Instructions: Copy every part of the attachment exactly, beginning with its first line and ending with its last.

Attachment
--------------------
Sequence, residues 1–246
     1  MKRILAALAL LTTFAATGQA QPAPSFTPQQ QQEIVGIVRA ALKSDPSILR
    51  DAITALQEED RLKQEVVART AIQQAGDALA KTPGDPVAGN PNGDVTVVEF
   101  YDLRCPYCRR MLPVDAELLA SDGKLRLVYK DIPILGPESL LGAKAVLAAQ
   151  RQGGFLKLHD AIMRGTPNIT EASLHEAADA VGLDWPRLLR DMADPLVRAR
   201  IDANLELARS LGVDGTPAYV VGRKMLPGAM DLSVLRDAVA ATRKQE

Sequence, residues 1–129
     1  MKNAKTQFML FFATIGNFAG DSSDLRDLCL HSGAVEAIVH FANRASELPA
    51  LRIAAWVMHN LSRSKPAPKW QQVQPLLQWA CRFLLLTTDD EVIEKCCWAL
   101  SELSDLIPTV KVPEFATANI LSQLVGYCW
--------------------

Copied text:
Sequence, residues 1–246
     1  MKRILAALAL LTTFAATGQA QPAPSFTPQQ QQEIVGIVRA ALKSDPSILR
    51  DAITALQEED RLKQEVVART AIQQAGDALA KTPGDPVAGN PNGDVTVVEF
   101  YDLRCPYCRR MLPVDAELLA SDGKLRLVYK DIPILGPESL LGAKAVLAAQ
   151  RQGGFLKLHD AIMRGTPNIT EASLHEAADA VGLDWPRLLR DMADPLVRAR
   201  IDANLELARS LGVDGTPAYV VGRKMLPGAM DLSVLRDAVA ATRKQE

Sequence, residues 1–129
     1  MKNAKTQFML FFATIGNFAG DSSDLRDLCL HSGAVEAIVH FANRASELPA
    51  LRIAAWVMHN LSRSKPAPKW QQVQPLLQWA CRFLLLTTDD EVIEKCCWAL
   101  SELSDLIPTV KVPEFATANI LSQLVGYCW